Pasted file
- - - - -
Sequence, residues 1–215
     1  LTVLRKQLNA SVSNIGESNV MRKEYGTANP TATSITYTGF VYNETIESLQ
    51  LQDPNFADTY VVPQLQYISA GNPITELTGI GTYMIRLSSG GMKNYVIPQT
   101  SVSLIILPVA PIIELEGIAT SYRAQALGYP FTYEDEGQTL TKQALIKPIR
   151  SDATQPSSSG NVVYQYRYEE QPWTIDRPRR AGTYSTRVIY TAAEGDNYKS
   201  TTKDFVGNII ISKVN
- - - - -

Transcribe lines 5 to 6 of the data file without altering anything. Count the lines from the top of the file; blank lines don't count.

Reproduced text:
   151  SDATQPSSSG NVVYQYRYEE QPWTIDRPRR AGTYSTRVIY TAAEGDNYKS
   201  TTKDFVGNII ISKVN